Court Lets Religious Clubs Meet in Schools : Ruling: The U.S. Supreme Court decides that high schools that allow extracurricular activities on campus must also permit students to gather for prayer.


The Supreme Court Monday opened the doors of public high schools to prayer and Bible reading, ruling that secondary schools that allow extracurricular activities on campus must also permit religious students to meet for prayer.

On an 8-1 vote, the court said that religious clubs may meet as long as the groups are student-sponsored.

Attorneys for Christian evangelicals said that the ruling will stop discrimination against religious students in the public schools.

“Oh, we’re dancing in the sky,” said the Rev. Louis P. Sheldon, head of the Anaheim-based Traditional Values Coalition. “It means that a student does not have to check his values and beliefs at the school’s front door anymore. . . . That’s what equal access is all about.”


But critics said that the ruling will also open the school doors to every organization from the Ku Klux Klan to the Young Communists League, because the law that the ruling upheld also forbids discrimination against groups based on their political or philosophical views.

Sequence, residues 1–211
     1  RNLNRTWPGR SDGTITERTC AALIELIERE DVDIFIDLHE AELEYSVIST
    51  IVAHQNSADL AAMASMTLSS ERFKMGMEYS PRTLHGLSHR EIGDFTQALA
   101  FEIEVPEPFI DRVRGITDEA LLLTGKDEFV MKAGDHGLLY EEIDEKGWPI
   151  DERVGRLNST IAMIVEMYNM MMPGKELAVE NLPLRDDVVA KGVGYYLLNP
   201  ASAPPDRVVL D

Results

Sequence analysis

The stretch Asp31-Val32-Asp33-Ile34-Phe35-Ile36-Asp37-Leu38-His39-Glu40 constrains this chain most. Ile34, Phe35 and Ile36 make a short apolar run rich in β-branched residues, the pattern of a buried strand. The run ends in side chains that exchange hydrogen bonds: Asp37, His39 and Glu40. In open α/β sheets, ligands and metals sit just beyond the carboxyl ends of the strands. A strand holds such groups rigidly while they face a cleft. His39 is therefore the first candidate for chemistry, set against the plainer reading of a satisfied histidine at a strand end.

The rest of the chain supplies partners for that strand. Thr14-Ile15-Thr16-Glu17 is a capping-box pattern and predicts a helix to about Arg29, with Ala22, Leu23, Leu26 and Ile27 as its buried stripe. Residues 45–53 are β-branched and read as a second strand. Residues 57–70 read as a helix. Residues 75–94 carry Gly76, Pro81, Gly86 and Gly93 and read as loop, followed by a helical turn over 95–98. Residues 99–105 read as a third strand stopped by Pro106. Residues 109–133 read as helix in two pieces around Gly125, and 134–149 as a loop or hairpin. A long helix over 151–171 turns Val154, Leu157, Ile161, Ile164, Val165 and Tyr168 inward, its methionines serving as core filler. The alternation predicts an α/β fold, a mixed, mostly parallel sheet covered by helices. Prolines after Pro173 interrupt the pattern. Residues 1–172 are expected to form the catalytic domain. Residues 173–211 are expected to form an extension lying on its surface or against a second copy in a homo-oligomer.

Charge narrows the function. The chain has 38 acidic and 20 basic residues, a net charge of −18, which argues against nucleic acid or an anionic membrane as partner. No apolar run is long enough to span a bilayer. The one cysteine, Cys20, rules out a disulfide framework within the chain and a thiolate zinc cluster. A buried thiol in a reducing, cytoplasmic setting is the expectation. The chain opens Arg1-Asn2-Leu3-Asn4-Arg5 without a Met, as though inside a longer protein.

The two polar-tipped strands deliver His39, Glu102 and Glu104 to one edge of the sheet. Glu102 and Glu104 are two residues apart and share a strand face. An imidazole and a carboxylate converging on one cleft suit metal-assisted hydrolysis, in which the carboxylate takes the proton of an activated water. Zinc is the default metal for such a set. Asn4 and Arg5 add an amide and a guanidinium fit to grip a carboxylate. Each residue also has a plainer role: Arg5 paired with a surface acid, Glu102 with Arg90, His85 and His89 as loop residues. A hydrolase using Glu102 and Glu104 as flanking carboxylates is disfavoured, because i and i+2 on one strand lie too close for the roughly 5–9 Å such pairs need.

The case was watched closely by Orange County’s Saddleback Valley Unified School District, which was involved in another Bible club case that went to the U.S. Supreme Court in 1988. The earlier case had the opposite outcome.

That time, the high court allowed to stand a lower court ruling that denied students at two Saddleback high schools the right to promote or advertise religious-oriented clubs during school hours.

Student members of the New Life Christian Club at El Toro and Mission Viejo high schools are allowed to meet informally on the campus but must do so outdoors, during their lunch period.

Peter Hartman, superintendent of the Saddleback Valley school district, said Monday that it did not appear at first glance he did not believe at first glance that Monday’s decision would contradict his district’s policy.

that the court’s latest decision contradict’s his district’s policy.

“Our policy is that groups that we feel are not related to the curriculum cannot meet during the school day,” Hartman said. “It’s called the closed-campus rule. If someone wanted to form a ski club and we do not have skiing in our curriculum, for example, they could not meet during the school day.”

He said the district will study the decision more closely this week.


Nearly three decades ago, the high court set off a national furor by outlawing official prayer and school-sponsored Bible readings. The court has held firmly to the view that the Constitution forbids the government from injecting religion into the public schools.